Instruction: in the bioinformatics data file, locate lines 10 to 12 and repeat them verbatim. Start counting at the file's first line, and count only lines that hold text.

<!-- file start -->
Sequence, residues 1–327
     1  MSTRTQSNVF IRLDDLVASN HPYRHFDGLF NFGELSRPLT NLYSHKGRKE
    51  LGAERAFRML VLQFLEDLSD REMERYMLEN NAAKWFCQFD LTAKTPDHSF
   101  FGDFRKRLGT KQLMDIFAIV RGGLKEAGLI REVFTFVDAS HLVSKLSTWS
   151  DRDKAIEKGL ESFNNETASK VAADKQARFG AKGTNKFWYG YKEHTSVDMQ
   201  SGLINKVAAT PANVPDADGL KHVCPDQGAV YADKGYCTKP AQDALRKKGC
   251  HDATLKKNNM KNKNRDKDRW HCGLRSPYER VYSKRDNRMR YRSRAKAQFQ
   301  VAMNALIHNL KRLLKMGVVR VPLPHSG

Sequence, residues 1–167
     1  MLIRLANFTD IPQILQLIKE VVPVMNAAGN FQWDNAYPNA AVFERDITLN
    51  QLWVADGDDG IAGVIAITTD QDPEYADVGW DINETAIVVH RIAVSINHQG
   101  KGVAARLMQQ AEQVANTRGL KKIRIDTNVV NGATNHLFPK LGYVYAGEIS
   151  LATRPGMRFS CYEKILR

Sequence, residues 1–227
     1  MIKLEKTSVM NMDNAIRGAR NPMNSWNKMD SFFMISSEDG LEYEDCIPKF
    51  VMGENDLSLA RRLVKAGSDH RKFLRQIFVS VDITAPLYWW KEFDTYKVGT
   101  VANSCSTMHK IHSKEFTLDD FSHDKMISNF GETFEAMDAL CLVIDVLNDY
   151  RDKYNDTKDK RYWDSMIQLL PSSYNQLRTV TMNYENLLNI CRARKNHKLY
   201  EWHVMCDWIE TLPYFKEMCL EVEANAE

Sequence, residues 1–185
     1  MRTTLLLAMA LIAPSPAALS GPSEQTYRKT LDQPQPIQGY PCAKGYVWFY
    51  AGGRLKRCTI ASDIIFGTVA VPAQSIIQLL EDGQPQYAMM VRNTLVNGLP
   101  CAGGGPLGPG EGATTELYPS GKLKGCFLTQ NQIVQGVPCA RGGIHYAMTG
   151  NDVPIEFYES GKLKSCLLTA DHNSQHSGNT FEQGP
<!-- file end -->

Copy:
     1  MLIRLANFTD IPQILQLIKE VVPVMNAAGN FQWDNAYPNA AVFERDITLN
    51  QLWVADGDDG IAGVIAITTD QDPEYADVGW DINETAIVVH RIAVSINHQG
   101  KGVAARLMQQ AEQVANTRGL KKIRIDTNVV NGATNHLFPK LGYVYAGEIS